BLOG 9/8/17. THE CHURCH AS TROUBLEMAKER?
The church as a trouble-maker? … but, you may protest: Isn’t the church supposed to be a peace-maker? How about both? Given our current cultural climate in this nation, especially obvious since the Charlottesville incident, one wonders where Christ’s people should be in all of this. Christ’s Sermon on the Mount might be a good place to start. Right up front it says that the peacemakers are blessed, but then it tells us that those who are persecuted and reviled and spoken evil of for righteousness’ sake (for being righteous troublemakers) are, likewise blessed.
Or, maybe Paul’s contrast of the Christian’s life, before and after his/her embrace of Christ (Romans 6:12 ff.), which is that they were formerly servants of unrighteousness but now are to be instruments of righteousness. What’s that all about? It means that as God’s people, we are always in what might be called a missionary confrontation with the world. We are aliens, and instruments of light, in a culture of unrighteousness and spiritual darkness. Troublemakers.
I learned this through the backdoor of my experience. When I was in my ecclesiastical-pastoral puberty-stage in the city of Durham, North Carolina decades ago, Durham was still a grimy textile-tobacco town and seething with racism, all of which was new to me. Not much that I had learned in theological school equipped me for anything I was beginning to experience. Two influences that had equipped me were, first of all, that I had been taught that Christ’s Great Commission was that we were to make disciples, and that involved in teaching disciples to obey all that Christ had taught. So, I made disciple-making a basic principle in whatever pastoral ministry was to be. Then another mentor had been most persuasive in insisting that the consecutive exposition of the Biblical scriptures was the purpose and focus of our preaching in our reformed-Presbyterian heritage.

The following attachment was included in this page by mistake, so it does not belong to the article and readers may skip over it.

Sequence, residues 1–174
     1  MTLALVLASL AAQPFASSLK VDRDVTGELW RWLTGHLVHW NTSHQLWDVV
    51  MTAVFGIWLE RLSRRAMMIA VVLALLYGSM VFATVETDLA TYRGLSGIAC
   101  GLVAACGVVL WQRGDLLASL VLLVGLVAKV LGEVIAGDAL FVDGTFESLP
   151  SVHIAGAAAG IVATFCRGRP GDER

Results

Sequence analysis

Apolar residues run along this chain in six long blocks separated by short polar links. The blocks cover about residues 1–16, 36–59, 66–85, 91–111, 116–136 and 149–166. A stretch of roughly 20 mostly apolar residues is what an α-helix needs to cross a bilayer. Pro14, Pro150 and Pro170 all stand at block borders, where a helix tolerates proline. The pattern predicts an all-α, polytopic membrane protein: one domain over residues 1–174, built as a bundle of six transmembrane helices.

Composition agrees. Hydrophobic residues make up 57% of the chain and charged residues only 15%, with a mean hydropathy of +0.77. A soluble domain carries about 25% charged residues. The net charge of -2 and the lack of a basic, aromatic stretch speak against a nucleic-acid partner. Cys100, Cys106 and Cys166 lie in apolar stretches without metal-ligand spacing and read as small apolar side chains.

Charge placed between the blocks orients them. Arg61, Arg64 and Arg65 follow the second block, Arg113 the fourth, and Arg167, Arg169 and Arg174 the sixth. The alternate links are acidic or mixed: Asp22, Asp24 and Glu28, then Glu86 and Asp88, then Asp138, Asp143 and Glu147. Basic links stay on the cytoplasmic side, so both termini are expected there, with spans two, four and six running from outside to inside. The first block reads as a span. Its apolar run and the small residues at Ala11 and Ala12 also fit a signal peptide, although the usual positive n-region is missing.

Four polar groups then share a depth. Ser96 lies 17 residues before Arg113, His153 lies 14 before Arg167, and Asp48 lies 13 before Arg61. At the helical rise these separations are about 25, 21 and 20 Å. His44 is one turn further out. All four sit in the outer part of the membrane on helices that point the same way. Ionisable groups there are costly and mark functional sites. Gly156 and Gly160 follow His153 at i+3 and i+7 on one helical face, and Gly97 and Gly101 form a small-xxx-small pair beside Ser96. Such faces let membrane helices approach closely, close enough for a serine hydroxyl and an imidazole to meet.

With those two operational principles theoretically in place I launched my role as a disciple-making pastor and teacher in a small industrial church with a very insecure history. I was to be begin trying to figure out my new role. Two factors became obvious very soon. There were those in its membership who were hungry to be taught from scriptures, and responsive to my Biblical preaching, . . . but certainly not all of them. There were also those who only agreed with scriptures when scriptures were in agreement with their view.
Then the light began to dawn on me as to our Christian calling to be troublemakers. That was the period just after the U. S. Supreme Court had required the de-segregation of public schools, which deliverance did not go down well in such a city as ours. And it was in my innocence that I was seeking to be faithful in teaching scripture, and was preaching my way through the Epistle to the Romans. It was in that teaching that I got to Romans 12, and its teaching that we were not to be conformed to this world, but to be transformed by the renewing of our minds so as to prove what was the will of God. Ka-ching! The lights went on. There was a world that was not in conformity with the will of God, and we were to be so equipped in our thinking that we were not dominated by it.
It happened to be the Sunday in which we celebrated the Eucharist/Lord’s Supper, and I innocently made the application of the scripture that it applied to racial justice, and that I was not there talking about the Durham city schools, but to that particular Christian community, and that at the Lord’s table before them there was no place for racial exclusion. It was to be open to all. For those who had ears to hear it only made sense.
But for those captive to the darkness I was an unwanted voice and a trouble-maker. It was there also that I learned that I had to be exegeting the culture, and so equipping God’s people to operate in that culture with transformed minds and lives, to demonstrate what the will of God looks like in real flesh and blood disciples, as both peacemakers and troublemakers. Stay tuned.